5 Tips for Traveling Alone With a Toddler
By Natalia Rankine-Galloway
My family moved to Tunisia from New York City this summer. Before we left I felt duty-bound to visit our scattered family on this side of the Atlantic so they could see our 18-month-old boy before we left. This meant flying from Washington, DC to Toronto (not far away, but technically “International”) and then back to New York.
It was not a pretty picture, but it turned out to be a good trial run for all the family traveling we’re doing as expats. I now have much better strategies for dealing with gear, lines and toddler travel boredom.
Here are 5 things I would have done differently:
Be Ready To Snag an Extra Seat…Just in Case
Keeping your under-2 traveler on your lap to avoid paying for a pricey second seat sounds good in theory, but actually keeping your squirmy child on your lap for the length of your flight is quite a feat!
Luckily, my plane was relatively empty and I actually had an extra seat next to me. Unluckily, our car seat was in the luggage hold, which left me with a resentful and wriggling toddler in my lap during takeoff and landing.
Next time, I’ll bring the car seat to the gate, just in case. If the plane is full, I can gate-check it with the stroller. I’ve invested in a GoGo Kidz travelmate, which turns your FAA-approved car seat into a rolling piece of luggage where your child can sit. Should I ever come across an empty plane seat again, I’ll be ready. (FamiliesGo! also loves the CARES harness)
Get a notarized letter from the parent back home
If you are leaving the US with your baby, get a notarized letter from the baby’s other parent stating that you’re authorized to travel alone with your child. This assures customs or immigration officers that you’re just taking your child on vacation and not running away with him.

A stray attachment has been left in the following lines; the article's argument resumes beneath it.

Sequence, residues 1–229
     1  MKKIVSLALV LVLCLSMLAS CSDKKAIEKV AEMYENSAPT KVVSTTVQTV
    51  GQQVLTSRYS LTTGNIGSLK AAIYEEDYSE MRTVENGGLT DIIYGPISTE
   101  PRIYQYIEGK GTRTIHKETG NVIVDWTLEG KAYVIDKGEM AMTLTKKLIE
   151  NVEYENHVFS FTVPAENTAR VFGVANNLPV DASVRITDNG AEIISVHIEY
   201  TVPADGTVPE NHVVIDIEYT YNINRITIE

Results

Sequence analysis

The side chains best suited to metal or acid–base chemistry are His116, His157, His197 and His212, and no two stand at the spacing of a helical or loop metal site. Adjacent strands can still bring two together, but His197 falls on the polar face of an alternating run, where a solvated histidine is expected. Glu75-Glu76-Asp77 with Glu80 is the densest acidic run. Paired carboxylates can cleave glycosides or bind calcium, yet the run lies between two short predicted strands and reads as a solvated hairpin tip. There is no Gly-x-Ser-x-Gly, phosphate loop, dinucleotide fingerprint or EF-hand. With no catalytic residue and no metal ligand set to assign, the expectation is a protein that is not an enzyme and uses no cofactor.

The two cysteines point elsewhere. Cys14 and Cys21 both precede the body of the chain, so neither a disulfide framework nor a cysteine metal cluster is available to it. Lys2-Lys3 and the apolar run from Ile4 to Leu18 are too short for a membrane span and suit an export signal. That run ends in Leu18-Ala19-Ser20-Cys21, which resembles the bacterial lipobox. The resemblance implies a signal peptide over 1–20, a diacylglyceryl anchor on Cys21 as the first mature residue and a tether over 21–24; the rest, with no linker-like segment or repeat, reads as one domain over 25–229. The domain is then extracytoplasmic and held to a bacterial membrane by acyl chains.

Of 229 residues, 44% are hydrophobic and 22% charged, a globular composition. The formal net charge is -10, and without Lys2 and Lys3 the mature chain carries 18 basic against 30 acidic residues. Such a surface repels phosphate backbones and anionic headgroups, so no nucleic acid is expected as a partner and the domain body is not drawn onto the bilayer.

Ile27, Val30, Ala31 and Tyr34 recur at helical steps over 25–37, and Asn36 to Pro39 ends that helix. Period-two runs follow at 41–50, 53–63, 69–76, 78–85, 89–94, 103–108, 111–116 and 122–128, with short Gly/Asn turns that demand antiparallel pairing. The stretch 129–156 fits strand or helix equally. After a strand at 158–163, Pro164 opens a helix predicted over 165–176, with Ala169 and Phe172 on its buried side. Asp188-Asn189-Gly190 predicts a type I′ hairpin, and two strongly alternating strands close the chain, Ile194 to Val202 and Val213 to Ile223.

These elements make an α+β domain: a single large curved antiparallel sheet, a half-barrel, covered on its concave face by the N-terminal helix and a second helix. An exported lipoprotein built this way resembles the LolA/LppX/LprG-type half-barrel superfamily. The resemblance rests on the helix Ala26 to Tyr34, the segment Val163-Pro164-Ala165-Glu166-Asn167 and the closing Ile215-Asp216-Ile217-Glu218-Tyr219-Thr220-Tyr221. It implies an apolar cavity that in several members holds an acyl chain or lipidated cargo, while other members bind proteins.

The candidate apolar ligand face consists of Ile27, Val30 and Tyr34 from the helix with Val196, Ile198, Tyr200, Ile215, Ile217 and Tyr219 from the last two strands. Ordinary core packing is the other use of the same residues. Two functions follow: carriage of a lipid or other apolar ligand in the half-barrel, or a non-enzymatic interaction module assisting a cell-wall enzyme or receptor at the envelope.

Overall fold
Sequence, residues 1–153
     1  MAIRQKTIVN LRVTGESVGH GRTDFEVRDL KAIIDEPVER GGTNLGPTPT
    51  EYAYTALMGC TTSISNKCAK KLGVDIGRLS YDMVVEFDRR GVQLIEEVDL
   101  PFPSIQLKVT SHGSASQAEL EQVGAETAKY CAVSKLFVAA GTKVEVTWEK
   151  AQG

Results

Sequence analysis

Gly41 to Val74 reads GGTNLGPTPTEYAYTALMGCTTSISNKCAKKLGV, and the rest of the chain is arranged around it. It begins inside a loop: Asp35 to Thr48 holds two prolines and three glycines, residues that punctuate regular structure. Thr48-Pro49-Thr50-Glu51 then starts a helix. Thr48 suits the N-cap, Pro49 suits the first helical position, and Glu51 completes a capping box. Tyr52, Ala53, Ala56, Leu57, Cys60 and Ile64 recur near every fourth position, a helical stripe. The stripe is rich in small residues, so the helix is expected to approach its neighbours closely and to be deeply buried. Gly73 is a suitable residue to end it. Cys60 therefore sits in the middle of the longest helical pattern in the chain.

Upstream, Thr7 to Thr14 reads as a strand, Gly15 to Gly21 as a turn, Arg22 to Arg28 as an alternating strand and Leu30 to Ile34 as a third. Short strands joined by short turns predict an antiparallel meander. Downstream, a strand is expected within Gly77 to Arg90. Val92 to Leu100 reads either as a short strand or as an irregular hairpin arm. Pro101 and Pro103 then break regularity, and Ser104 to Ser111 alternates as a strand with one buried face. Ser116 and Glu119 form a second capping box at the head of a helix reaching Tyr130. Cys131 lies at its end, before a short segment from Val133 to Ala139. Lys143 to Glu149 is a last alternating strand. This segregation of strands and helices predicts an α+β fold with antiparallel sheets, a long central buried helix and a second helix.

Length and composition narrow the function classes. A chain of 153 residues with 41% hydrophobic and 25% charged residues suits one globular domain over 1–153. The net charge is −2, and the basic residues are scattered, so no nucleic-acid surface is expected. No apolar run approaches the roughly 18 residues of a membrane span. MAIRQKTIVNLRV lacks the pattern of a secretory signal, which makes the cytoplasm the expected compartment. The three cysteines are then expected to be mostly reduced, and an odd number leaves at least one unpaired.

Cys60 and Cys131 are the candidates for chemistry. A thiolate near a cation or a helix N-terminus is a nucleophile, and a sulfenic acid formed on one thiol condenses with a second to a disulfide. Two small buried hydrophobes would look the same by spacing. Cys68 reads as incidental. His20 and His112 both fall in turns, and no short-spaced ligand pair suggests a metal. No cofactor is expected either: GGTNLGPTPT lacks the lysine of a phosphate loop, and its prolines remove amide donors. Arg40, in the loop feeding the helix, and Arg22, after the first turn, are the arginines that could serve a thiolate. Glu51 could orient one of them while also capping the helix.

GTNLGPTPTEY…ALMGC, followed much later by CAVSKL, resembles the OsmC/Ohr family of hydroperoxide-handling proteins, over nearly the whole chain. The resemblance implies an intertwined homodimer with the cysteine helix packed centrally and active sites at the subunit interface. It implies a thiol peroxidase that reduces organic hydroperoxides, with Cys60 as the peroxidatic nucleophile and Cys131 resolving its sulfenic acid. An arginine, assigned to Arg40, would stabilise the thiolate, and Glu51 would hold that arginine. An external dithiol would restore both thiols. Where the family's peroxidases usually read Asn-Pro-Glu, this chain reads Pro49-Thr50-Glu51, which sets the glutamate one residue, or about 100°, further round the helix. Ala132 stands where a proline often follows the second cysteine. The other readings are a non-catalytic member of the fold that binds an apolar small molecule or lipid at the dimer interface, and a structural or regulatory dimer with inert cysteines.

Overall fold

You Will Only have 2 Hands At the Security Gate: Yours
At the security check, you will be the person who gets all of your carry-on gear onto the X-ray machine conveyor belt. You will have to fold and lift your stroller, unpack your electronics and liquids and remove your shoes, all with your baby on your hip and your paperwork between your teeth. Use the designated family line to minimize dirty looks, give yourself extra time and wear slip-on shoes.
And by all means, read up on the TSA’s latest rules so you know your responsibilities and rights. For example, some airports let you leave shoes on kids under a certain age. And formula, expressed breasts milk and some other child beverages are exempt from the 3-ounce rule (though they will probably have to test them).
[Read our blog on VIP services that get you easily through the airport with kids.]
Consolidate, Consolidate, Consolidate
The less you have to keep track of the less likely you are to lose something, especially while keeping track of a toddler. Try to combine as many items as you can, say by packing a single large suitcase for you and the kids. And consider renting or borrowing equipment like a travel crib at your destination.
If you plan to carry a diaper bag, laptop and purse, consider buying a backpack that will hold everything. I use the Patagonia Chacabuco, which has side pockets for sippy cups and a padded pocket up top for your phone. Don’t just dump the contents of your diaper bag to your carry on; edit! You can live without sunscreen or diaper rash cream for the flight (especially if they’re more than 3 ounces). Pack a romper or foot pajamas instead of an extra outfit.
Novelty Goes A Long Way
New toys (bought ahead of time or en route) are exciting and engrossing and provide precious extra moments of distraction. Buy snacks at the airport and take anything the flight attendant offers you. They might not meet your usual standard for healthy and wholesome, but their “special treat” quality makes them worth their weight in gold.
[Here’s Our List of Must-have Items for Flying with a Toddler.]